About Us

A pawpaw blossom in our orchard being lovingly pollinated by hand

Our Story

The idea of BeeFoster was born in the pawpaw grove of RockSpan Farm. Pawpaws are a native, tropical-tasting fruit with specific pollination needs. With no pollinators around to help the trees bear fruit, we found ourselves painstakingly pollinating each bloom by hand. We asked ourselves, shouldn't bees be doing this? Where were they?

Realizing that our situation is far from unique, we decided to do our part to help support pollinators worldwide. We read that mason bee hotels were rising in popularity despite the fact that most of them were poorly-designed and deadly. The world needed a better solution.

Why not leave it up to a scrappy father-daughter team from the Ozarks to find it?

We came up with the Beestra: a new kind of bee hotel that allows anyone to take charge of their own pollinator situation.

We still have to pollinate the pawpaws by hand, by the way. Turns out they need flies, not bees, and there's not much of a market for fly hotels. Go figure.

Learn More About the Beestra
Mysterious Building 137 behind a lush vegetable garden

Rockspan Farm

We’re a family tree farm on a hilltop in the Ozark Mountains, right outside Springfield, Missouri. We manage native trees, orchards, gardens and native plant beds. Pollinators are critical to our success and we developed BeeFoster for our own use. It turns out everyone has the same problem: the pollinators are dying and that’s a catastrophe in the making. On our Rockspan Farm website, you’ll see how we’re working to restore degraded soils and restore riparian corridors that run alongside our section of the spring-fed Sac River. We’re putting in large pollinator plots, restoring old farm ponds, establishing silviculture stands and using bio-char to restore soils without over-fertilizing. We’re planting large stands of native bald cypress which have lifespans of up to 1800 years. So, we’re in this for the long haul and we hope you are too.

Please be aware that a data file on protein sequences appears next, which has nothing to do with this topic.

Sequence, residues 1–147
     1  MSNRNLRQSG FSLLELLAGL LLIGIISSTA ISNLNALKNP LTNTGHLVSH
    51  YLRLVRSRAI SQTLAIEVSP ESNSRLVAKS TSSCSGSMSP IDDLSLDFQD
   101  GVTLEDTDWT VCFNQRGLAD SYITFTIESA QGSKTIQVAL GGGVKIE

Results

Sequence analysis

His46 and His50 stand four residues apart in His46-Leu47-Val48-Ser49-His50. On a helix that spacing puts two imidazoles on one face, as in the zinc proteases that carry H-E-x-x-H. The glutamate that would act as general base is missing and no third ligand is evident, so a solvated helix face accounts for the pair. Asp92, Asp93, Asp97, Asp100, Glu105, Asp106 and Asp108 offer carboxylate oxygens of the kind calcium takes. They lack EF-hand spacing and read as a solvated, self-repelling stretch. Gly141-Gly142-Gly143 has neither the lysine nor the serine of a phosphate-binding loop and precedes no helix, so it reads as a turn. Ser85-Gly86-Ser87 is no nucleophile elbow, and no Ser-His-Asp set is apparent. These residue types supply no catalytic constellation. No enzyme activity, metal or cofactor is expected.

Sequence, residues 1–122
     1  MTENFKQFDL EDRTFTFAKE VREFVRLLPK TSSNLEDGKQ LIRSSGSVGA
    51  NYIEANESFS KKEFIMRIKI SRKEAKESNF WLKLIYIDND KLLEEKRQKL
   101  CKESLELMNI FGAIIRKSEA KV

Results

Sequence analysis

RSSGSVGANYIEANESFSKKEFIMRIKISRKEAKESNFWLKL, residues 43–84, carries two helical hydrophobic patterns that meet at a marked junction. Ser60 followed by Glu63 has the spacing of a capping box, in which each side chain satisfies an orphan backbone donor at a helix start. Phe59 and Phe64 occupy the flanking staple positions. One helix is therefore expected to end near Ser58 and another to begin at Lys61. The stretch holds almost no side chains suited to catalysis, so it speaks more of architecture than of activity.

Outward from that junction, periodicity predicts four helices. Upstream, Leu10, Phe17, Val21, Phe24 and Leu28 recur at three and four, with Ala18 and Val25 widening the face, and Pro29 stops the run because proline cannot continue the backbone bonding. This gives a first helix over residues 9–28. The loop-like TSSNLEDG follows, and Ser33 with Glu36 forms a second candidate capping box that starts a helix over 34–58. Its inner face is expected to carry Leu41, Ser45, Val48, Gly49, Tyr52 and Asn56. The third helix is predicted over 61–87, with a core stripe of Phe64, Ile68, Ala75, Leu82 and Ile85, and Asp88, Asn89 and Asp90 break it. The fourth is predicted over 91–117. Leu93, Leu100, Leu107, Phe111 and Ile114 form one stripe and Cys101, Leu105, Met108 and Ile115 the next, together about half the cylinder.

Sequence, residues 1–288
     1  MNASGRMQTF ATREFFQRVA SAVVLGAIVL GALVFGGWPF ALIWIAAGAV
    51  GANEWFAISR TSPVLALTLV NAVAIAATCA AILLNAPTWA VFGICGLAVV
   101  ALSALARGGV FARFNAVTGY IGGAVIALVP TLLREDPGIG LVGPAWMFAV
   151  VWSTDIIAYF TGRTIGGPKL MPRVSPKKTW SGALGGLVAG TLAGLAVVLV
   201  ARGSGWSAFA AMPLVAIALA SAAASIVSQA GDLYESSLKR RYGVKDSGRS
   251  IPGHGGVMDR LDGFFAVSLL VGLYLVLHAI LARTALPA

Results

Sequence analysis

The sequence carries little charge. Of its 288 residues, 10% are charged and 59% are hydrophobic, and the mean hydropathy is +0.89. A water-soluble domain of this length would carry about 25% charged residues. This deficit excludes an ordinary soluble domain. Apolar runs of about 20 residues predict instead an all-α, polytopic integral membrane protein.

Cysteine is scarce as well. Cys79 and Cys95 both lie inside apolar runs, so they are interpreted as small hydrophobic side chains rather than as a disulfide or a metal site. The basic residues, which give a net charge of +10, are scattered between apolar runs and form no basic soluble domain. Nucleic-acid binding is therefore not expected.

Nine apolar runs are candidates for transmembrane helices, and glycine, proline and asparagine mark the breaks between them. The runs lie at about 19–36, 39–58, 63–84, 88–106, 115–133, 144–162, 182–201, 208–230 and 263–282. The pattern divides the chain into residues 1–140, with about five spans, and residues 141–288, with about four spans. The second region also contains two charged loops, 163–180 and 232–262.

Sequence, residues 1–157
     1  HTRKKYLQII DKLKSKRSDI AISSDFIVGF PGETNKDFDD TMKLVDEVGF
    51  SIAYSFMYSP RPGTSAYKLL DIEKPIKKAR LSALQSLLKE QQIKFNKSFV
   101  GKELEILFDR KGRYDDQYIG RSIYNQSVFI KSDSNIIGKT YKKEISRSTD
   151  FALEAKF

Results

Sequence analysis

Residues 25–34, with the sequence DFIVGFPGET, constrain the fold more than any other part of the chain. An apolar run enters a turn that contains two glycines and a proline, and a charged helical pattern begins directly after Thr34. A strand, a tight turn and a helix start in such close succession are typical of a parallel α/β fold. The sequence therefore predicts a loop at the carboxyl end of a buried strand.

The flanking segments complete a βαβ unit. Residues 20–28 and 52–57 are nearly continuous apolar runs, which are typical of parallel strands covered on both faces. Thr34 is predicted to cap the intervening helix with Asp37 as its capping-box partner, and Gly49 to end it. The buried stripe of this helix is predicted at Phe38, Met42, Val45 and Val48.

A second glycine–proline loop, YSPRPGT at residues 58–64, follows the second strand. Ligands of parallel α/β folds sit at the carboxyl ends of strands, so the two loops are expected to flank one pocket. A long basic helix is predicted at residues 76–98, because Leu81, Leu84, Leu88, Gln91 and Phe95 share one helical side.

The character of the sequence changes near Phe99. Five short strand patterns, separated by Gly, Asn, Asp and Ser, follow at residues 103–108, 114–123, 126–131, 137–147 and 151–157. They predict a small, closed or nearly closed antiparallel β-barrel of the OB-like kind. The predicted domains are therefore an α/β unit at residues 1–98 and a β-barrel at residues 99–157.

To the right is Mysterious Building 137, home of BeeFoster Operations on RockSpan Farm

  • Ames Chiles with her loyal dog Bingo

    Ames Chiles

    With a background in biology research and a deep love of nature, Ames was eager to lend her scientific perspective to the fight to save pollinators. Since founding BeeFoster with her father Dan, she has earned a patent and a spot in the Missouri Association of Manufacturers.

  • Dan Chiles holding a large stalk of grass on RockSpan Farm

    Dan Chiles

    Dan has worn many hats in his life: inventor, outdoorsman, environmental activist, steward of the land, political muckraker, philosopher, writer of inflammatory editorials. Now that he's retired he's busier than ever. Check out some of his projects at the RockSpan Farm website.

  • Bee enthusiast dog Bingo looking happy with his paw on his favorite squeaky ball

    Bingo Chiles

    Resident farm dog Bingo is our Chief Motivational Officer and he takes his job very seriously. When he's not bringing joy to all at BeeFoster, he enjoys chasing squirrels, stealing cat food, and being extremely handsome. He even has his own Instagram account so fans can follow his antics.

Ames and Dan standing by a newly installed bee hotel, hoping to find mason bees and leaf cutter bees in the coming months
Dan and Bingo surveying the wilderness and looking for places to plant wildflowers
Ames showing off the new Beestra design in her factory, hoping to reach gardeners and bee-lovers everywhere

Bingo inspects a stack of Beestras
Installing a Beestra near an apple orchard
The BeeFoster crew at work building bee hotels